July 24, 2009
When your business model depends on a steady stream of sick people, better health care at lower costs isn’t your concern. That’s why real health care reform depends on having a public option to keep private, for-profit health insurance companies and hospitals honest.
Bill Maher, comedian and host of HBO’s Real Time with Bill Maher, has a great post about why not everything we do in America has to be in the interest of making profits, like providing health care coverage. Here’s an excerpt:
“And finally, there’s health care. It wasn’t that long ago that when a kid broke his leg playing stickball, his parents took him to the local Catholic hospital, the nun put a thermometer in his mouth, the doctor slapped some plaster on his ankle and you were done. The bill was $1.50, plus you got to keep the thermometer.
“But like everything else that’s good and noble in life, some Wall Street wizard decided that hospitals could be big business, so now they’re run by some bean counters in a corporate plaza in Charlotte. In the U.S. today, three giant for-profit conglomerates own close to 600 hospitals and other health care facilities. They’re not hospitals anymore; they’re Jiffy Lubes with bedpans. America’s largest hospital chain, HCA, was founded by the family of Bill Frist, who perfectly represents the Republican attitude toward health care: it’s not a right, it’s a racket. The more people who get sick and need medicine, the higher their profit margins. Which is why they’re always pushing the Jell-O.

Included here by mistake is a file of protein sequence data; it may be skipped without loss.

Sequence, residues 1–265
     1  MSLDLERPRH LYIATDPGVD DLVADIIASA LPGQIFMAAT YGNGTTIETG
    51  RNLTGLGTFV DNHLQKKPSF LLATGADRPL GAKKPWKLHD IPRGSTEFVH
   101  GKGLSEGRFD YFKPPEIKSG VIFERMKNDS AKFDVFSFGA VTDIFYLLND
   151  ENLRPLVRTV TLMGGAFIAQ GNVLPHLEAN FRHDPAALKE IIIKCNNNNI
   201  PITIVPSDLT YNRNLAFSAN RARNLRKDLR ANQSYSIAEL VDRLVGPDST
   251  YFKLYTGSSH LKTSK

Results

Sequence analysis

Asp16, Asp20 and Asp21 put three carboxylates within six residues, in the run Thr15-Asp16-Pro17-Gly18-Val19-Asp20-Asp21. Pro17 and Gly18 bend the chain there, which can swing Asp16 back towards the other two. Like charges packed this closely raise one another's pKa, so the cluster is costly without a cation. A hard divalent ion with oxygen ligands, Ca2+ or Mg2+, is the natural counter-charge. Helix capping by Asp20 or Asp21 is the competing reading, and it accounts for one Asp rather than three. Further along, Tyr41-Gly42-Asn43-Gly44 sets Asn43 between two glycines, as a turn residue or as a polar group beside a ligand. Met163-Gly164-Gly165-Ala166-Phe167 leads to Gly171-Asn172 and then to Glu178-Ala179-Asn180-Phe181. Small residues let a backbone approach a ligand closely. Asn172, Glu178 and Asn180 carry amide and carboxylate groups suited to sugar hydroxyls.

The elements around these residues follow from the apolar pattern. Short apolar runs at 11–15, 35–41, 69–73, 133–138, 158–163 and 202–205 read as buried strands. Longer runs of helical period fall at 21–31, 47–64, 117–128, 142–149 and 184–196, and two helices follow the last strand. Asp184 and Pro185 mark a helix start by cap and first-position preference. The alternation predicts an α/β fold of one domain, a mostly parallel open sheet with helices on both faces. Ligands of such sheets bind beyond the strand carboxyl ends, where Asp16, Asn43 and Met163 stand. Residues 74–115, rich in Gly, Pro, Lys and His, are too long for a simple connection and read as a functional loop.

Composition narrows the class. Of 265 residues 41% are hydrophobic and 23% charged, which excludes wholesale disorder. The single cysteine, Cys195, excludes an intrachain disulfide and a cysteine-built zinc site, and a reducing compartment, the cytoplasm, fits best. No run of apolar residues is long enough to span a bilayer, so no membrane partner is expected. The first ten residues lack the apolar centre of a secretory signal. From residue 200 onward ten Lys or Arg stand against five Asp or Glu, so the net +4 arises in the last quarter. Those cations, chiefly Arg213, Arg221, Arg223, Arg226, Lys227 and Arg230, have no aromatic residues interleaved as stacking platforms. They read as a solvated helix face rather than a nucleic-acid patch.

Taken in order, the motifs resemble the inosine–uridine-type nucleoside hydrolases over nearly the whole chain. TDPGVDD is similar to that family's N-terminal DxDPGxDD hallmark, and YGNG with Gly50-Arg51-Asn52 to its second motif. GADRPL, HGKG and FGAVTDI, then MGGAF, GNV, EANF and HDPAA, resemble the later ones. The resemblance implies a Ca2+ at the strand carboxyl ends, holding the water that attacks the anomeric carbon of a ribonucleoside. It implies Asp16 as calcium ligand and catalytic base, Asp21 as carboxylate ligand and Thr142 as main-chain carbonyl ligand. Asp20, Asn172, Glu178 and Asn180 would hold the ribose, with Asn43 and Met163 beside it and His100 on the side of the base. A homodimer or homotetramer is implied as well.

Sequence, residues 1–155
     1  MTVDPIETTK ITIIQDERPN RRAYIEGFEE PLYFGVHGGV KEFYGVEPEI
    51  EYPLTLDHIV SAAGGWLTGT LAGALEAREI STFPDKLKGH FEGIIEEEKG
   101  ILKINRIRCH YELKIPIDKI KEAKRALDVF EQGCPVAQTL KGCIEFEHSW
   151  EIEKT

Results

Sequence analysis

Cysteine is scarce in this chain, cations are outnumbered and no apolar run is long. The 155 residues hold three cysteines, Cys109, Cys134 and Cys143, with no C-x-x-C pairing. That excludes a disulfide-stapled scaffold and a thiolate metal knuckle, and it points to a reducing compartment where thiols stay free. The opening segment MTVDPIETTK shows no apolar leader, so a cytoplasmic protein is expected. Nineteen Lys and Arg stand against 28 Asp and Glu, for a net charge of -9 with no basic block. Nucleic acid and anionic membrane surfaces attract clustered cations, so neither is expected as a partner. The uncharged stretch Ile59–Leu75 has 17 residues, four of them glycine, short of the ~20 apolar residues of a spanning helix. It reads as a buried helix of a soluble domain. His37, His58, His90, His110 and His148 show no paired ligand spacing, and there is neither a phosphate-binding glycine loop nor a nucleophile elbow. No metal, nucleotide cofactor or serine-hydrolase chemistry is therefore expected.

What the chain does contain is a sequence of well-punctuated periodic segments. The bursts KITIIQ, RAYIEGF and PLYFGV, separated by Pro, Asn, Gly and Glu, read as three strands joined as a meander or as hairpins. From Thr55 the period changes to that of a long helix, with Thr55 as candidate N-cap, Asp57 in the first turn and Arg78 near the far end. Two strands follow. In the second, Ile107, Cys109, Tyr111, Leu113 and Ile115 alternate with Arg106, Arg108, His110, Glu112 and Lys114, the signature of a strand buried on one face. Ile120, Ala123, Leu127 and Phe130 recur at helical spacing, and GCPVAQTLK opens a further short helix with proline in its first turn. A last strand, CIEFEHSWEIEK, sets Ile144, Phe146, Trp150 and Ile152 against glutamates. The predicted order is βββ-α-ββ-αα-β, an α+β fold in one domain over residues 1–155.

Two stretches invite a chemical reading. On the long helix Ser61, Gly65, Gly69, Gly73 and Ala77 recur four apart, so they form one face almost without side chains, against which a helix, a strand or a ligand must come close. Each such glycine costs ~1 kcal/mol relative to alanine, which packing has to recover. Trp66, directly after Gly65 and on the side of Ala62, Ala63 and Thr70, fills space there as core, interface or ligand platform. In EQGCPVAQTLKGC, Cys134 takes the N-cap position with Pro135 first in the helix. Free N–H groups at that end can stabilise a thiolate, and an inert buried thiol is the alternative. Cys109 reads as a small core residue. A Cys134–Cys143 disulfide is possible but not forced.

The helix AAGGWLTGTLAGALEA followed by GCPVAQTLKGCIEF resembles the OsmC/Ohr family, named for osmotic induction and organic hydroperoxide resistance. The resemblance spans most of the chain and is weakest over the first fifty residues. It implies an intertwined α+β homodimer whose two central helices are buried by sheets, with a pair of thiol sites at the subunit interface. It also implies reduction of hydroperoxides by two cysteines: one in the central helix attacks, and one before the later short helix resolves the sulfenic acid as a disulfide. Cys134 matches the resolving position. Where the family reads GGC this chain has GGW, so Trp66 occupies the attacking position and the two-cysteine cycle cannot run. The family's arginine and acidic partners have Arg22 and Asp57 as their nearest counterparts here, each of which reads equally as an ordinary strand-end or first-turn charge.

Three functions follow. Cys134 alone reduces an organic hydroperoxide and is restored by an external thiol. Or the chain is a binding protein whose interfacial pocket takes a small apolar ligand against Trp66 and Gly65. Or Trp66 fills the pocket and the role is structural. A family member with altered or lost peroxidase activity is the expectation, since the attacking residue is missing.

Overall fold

“Because medicine is now for-profit we have things like “recision,” where insurance companies hire people to figure out ways to deny you coverage when you get sick, even though you’ve been paying into your plan for years.”